21 reviews
Best Bet
2008 Subaru Tribeca
2008 Subaru Tribeca
Available Price Range $6,022-$14,602 TrimsN/A Combined MPG 18 SeatsN/A

Our Take on the 2008 Subaru Tribeca

Our Take

Critics of Subaru's polarizing three-point grille can celebrate. After just two years on the market, the controversial element has been pulled from the 2008 Tribeca — no longer the B9 Tribeca — SUV and Impreza compact car, the two models it primarily affected (or afflicted, depen... Read Full Report

What We Don't Like

  • Non-telescoping steering wheel
  • Narrow side mirrors
  • Side curtain airbags don't cover optional third row
  • Center dash vents can't be closed
  • Seat memory doesn't remember side-mirror position

Notable Features

  • Overhauled appearance for 2008
  • More powerful, 256-hp flat-six engine
  • Standard AWD
  • Standard stability system
  • Optional remote start


Our Expert Reviews

I woke up on the wrong side of the bed this morning: It's cold out, and I had to put on socks for the first time in four months - a huge bummer because I painted my toenails Vixen Red last night and now I can't enjoy them. On top of that, my morning newspaper was mysteriously missing, mucking up my usual routine of attempting to catch up on current events. I do this so I can pretend t... Read full review for the 2008 Subaru Tribeca

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Consumer Reviews


Average based on 21 reviews

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Symmetrical is the reason

by Chicago winter survivor from on July 20, 2009

I live in Chicago where the weather changes on a dime and winter is the time between the people with or without AWD . This is my first Subaru (2009 Tribeca) and loving it so far, it's symmeterical AWD... Read Full Review


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Asking Price Range
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Crash-Test Reports


There are currently 5 recalls for this car.

Safety defects and recalls are relatively common. Stay informed and know what to do ahead of time.

Safety defects and recalls explained

Warranty Coverage





Roadside Assistance Coverage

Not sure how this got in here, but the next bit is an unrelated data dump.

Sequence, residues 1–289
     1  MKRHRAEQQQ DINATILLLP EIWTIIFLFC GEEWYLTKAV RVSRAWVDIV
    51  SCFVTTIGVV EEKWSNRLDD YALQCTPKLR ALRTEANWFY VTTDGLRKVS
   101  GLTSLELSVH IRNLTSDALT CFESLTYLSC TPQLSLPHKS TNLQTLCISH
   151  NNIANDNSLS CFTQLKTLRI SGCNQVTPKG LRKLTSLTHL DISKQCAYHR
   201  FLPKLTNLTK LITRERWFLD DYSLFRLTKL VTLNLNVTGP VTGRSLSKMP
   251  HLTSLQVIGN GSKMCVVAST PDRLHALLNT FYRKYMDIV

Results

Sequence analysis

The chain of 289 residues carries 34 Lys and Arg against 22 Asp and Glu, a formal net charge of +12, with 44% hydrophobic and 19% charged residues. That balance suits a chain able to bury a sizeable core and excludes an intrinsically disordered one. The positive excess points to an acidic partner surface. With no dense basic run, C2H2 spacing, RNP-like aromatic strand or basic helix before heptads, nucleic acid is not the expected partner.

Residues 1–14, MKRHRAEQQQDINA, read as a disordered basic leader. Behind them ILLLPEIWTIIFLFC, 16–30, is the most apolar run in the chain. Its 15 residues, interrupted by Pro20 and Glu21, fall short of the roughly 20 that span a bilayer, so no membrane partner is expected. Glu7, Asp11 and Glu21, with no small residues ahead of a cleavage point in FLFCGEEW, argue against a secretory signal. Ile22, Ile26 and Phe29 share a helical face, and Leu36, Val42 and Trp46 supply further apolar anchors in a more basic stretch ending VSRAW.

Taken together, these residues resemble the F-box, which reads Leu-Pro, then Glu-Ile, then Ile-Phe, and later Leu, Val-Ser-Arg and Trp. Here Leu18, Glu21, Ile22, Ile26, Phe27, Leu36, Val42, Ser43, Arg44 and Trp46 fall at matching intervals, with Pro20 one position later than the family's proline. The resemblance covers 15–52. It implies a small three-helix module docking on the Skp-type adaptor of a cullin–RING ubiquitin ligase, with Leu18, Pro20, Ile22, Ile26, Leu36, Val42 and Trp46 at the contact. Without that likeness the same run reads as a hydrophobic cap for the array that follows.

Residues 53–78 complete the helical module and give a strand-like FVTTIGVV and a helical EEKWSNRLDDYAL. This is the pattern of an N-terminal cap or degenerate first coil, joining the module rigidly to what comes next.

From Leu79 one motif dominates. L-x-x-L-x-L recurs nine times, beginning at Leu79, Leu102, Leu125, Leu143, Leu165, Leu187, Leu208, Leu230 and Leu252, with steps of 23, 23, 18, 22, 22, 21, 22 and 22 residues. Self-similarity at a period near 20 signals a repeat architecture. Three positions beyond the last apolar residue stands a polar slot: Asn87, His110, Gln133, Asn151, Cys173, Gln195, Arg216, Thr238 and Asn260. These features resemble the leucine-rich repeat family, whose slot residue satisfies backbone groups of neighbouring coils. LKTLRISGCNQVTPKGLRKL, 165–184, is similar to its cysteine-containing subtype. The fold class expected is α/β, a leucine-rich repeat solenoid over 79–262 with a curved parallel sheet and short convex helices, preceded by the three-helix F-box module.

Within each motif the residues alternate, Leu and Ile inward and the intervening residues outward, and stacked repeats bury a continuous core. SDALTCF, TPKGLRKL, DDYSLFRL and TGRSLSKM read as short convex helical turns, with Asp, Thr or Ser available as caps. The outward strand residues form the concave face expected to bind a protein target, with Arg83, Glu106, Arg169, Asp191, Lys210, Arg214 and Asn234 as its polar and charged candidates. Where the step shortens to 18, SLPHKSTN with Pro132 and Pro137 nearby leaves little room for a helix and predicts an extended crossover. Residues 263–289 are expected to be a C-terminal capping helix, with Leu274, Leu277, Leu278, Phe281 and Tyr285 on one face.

What you should get in your warranty can be confusing. Make sure you are informed.

Learn More About Warranties

Warranties Explained


Often called a basic warranty or new-vehicle warranty, a bumper-to-bumper policy covers components like air conditioning, audio systems, vehicle sensors, fuel systems and major electrical components. Most policies exclude regular maintenance like fluid top offs and oil changes, but a few brands have separate free-maintenance provisions, and those that do offer them is slowly rising. Bumper-to-bumper warranties typically expire faster than powertrain warranties.


Don't be misled a 10-year or 100,000-mile powertrain warranty doesn't promise a decade of free repairs for your car. It typically covers just the engine and transmission, along with any other moving parts that lead to the wheels, like the driveshaft and constant velocity joints. Some automakers also bundle seat belts and airbags into their powertrain warranties. With a few exceptions, powertrain warranties don't cover regular maintenance like engine tuneups and tire rotations.

Roadside Assistance

Some automakers include roadside assistance with their bumper-to-bumper or powertrain warranties, while others have separate policies. These programs cover anything from flat-tire changes and locksmith services to jump-starts and towing. Few reimburse incidental costs like motel rooms (if you have to wait for repairs).

Free Scheduled Maintenance

Some automakers include free scheduled maintenance for items such as oil changes, air filters and tire rotations. Some include consumables including brake pads and windshield wipers; others do not. They are typically for the first couple of years of ownership of a new car.

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